Shadow IT: What It Is, Who’s Doing It, and Why

This is the first blog post in a three-post series written for CEOs and Line of Business (LOB) leaders. Our aim here is to explain what shadow IT is and why it’s occurring (that’s this post). Why shadow IT is dangerous for the enterprise is post #2. What you can do about it is post #3. Trying to “get tough” and eliminate SaaS and PaaS from your organization is not the answer. Neither is turning a blind eye.

What Is Shadow IT?

Shadow IT typically refers to line of business staff going outside the confines of enterprise IT for Software-as-a-Service (SaaS) applications. Shadow IT is most common for:

  • Business productivity – e.g., Microsoft Office 365 and Google Apps
  • Social media – e.g., LinkedIn and Facebook
  • File sharing, storage, and backup – e.g., Dropbox and Apple iCloud

Shadow IT also refers to IT staff themselves going outside the confines of the corporate IT framework. For example, developers might do application development and testing in the cloud through platform-as-a-service (PaaS). Like LOB users using SaaS to access a wider range of applications more quickly, developers use PaaS to deliver value with the speed that the business demands.

How much spending does shadow IT represent? While it’s hard to pinpoint a dollar figure, in 2012 a PricewaterhouseCoopers study found that shadow IT accounted for 15-30 percent on top of the “official” IT budget. According to a recent report from the member-based corporate advisory firm CEB, spending on shadow IT now may be as high as 40 percent on top of the “official” IT budget.

Who’s “Using” Shadow IT?

In 2013, Stratecast and Frost & Sullivan surveyed 300 IT staff and 300 line of business staff. They found that 83 percent of IT staff and 81 percent of line of business staff use at least one non-approved SaaS application in their day-to-day business activities. The same survey also revealed that the average company uses around 20 SaaS applications. Of those, more than seven are non-approved.

Who is using shadow IT? Everyone. “We have met the enemy and he is us.”

Why Do Users Turn to Shadow IT?

The benefits driving line of business and IT users to shadow IT include:

  • Ease of access
  • Ease of maintenance
  • Quick deployment
  • No capex required – it’s monthly opex (which flies more easily under the radar)

Shadow IT | Photo: Brian Fanzo taken by IO.Flims - Mike Chesworth

In the line of business context, shadow IT is driven by the increasing prevalence of cloud-based software-as-a-service applications. These empower employees to do what they need to do to maximize their productivity. Employees who turn to shadow IT are typically not malicious. Nor are they ignorant of the security risks. But cloud-based applications simply enable them to do their jobs better.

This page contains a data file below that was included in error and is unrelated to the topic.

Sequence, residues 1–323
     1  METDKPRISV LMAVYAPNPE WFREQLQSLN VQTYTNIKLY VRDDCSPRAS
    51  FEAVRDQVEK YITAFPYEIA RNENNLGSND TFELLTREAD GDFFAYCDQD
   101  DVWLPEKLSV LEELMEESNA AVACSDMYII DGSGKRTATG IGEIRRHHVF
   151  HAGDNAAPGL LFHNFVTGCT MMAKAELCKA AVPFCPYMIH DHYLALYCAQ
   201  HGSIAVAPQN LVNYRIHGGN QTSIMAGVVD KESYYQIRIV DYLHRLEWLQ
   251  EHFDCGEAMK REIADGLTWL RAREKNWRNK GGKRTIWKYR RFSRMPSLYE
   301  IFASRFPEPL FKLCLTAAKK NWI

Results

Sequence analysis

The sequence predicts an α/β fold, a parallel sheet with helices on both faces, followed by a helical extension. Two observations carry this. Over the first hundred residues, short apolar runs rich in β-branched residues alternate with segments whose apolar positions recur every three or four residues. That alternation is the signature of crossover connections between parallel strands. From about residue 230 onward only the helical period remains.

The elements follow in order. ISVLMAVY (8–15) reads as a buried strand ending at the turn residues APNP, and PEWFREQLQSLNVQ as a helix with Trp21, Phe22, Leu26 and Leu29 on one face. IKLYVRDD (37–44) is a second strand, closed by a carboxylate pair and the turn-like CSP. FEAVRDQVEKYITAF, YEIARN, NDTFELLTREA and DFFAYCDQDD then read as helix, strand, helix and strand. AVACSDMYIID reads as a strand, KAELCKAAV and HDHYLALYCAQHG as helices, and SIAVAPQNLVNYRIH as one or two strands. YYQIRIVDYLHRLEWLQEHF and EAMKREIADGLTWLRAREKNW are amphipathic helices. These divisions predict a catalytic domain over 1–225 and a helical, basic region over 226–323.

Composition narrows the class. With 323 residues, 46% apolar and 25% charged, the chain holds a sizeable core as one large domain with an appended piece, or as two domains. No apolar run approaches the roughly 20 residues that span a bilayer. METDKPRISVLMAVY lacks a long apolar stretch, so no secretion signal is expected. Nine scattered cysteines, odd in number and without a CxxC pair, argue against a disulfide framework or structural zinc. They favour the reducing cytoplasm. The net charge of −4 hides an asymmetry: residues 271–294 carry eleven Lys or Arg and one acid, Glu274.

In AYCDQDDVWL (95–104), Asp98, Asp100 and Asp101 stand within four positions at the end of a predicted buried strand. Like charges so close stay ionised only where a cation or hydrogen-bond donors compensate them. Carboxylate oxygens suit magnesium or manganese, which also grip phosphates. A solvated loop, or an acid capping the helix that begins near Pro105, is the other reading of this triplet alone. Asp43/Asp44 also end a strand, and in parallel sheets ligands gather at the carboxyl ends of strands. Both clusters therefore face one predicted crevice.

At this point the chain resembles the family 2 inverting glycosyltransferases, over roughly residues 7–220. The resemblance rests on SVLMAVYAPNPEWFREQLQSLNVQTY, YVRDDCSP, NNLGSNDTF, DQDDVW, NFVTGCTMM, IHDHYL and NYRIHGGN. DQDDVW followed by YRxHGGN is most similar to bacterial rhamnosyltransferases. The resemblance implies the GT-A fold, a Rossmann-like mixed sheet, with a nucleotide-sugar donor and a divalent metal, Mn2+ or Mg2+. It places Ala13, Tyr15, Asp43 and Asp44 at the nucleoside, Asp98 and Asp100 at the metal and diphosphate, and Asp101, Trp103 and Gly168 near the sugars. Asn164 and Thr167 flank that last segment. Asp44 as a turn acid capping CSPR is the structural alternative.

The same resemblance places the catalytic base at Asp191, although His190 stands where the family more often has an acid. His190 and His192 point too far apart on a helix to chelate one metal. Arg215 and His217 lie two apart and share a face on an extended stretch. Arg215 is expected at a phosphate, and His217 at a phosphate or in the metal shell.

The rise of shadow IT is driven by this simple fact: With bring-your-own-device (BYOD) and now bring-your-own-cloud (BYOC), users are in control. As CloudTweaks put it, “Employees can now obtain the capabilities they want, when they want and for as long as they want, without having to wait for IT to build it.”

Similar to SaaS for LOB users, platform-as-a-service allows developers to go around hardware procurement/provisioning and licensing issues. ActiveState CEO Bart Copeland explains it well: “Gridlocked by the processes and protocols imposed by IT management, developers very often give in to the temptation of moving their projects outside where they can progress faster… to support time-sensitive project delivery.”

Given these benefits, it makes sense that employees turn to shadow IT. It helps them do their jobs better. But it also creates a nasty shadow that looms large over the enterprise.

That’s the stuff of CIO nightmares, and the topic of post #2. So stay tuned to learn more about why shadow IT is dangerous. And for post #3, where we’ll talk about what you can do to enable the benefits that shadow IT can offer while mitigating the risks.

DISCLAIMER: This document is for reference purposes only. The information contained herein should not be relied on and neither IO Data Centers, LLC nor any of its affiliates makes any warranties or representations as to its accuracy.